Three Arch Rocks Rocky Shore

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About the Three Arch Rocks Rocky Shore Area

Three large rocks and six smaller ones totaling about 17 acres, ½ to 1 mile off Maxwell Point at the city of Oceanside, Oregon. The Oceanside Beach State Recreation area (which affords visual access) can be reached from US 101, 11 miles west of Tillamook on the Cape Meares Scenic Loop road.
Three Arch Rocks National Wildlife Refuge (NWR). Three Arch Rocks is the oldest NWR west of the Mississippi!
Key Resources
Seabirds including common murres, the largest colony south of Alaska, and the largest Tufted puffin colony on the Oregon coast. Four species of threatened or endangered birds frequently use the rocks and three species of marine mammals, including the threatened Steller sea lion use the rocks for haulout and pupping. Gray whales migrate close to these rocks.
  What can you do here?
High levels of boating activity around the rocks; recreational and charter fishing, SCUBA diving, sea kayaking, and occasional jet-skis. Frequent overflight of civilian and military aircraft and helicopters. Uses of the adjacent ocean shore include sightseeing, photography, beachcombing, recreational fishing (from shore), and surfing. The Oregon State Marine Board has enacted a 500-foot wide boating closure around the main rocks from May 1st to September 15th to protect nesting and rearing of wildlife.

Educational Opportunities
Educational signage is posted at the Oceanside Beach State Recreation Area, Garibaldi Boat Ramp, and Netarts Bay Boat Ramp and varies from site to site. At Oceanside, there is one sign, which discusses the seasonal 500’ closure. It informs visitors (not necessarily boaters as this is not a boat launching area) of the damage that may be inflicted upon seabirds and marine mammals and provides the text of OAR 250-20-309 along with a map showing the location of the closure area. At both the Netarts Bay and Garibaldi boat ramps, the signage is the same. There are two signs, one which states “NO BOATS WITHIN 500 FEET OF THREE ARCH ROCK MAY 1st THROUGH SEPTEMBER 15th” and a new USFWS “Help Protect Marine Wildlife” interpretive sign. This sign depicts nesting seabirds and urges boaters to obey the 500 feet closure.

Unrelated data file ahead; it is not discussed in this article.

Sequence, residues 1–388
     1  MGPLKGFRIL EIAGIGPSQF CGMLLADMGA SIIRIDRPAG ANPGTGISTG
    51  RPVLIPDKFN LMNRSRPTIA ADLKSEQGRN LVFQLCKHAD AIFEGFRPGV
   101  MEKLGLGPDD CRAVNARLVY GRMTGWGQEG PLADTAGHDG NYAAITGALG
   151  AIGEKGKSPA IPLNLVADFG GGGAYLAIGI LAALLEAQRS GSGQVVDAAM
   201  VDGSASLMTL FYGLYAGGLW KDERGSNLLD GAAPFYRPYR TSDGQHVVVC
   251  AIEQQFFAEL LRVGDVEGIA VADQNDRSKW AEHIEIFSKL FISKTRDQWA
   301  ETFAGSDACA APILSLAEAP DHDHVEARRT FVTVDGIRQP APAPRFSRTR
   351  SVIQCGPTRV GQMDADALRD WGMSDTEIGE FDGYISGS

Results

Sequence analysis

Getting to the Rocky shore at Three Arch Rocks

The rocks are reached only by boat, chiefly from Tillamook Bay although some boats launch at Netarts Bay in good weather and a few small craft from the beach at Oceanside. It is illegal to physically access any of the rocks in the complex. Visual access to the rocks is available throughout the city of Oceanside and off Cape Meares. Public access to the beach is available both at the Symmons State Scenic Viewpoint at the beginning of Oceanside Beach or at the Oceanside State Recreation Area off Pacific Avenue in the city of Oceanside.

Public Access Option 1 for Three Arch Rocks Rocky Shore

Who Owns this Site?
Submerged rocks and reefs: Division of State Lands; rocks above Mean High Water owned by U.S. Fish and Wildlife Service managed as a National Wildlife Refuge and Wilderness area; the water area around the rocks is subject to a 500-foot seasonal boating closure (May 1st-September 15th) implemented by the State Marine Board.
  Who Manages this Site?
The entire rock complex above Mean High Water is managed by the US Fish and Wildlife Service as a National Wildlife Refuge. The Oregon State Marine Board has enacted a 500-foot wide boating closure around the main rocks from May 1st to September 15th to protect nesting and rearing of wildlife.

Data for the Three Arch Rocks Rocky Shore
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Three Arch Rocks Rocky Shore GIS Data
Data Layer

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Information compiled by Laurel Hillmann, NOAA Coastal Management Fellow, OPRD

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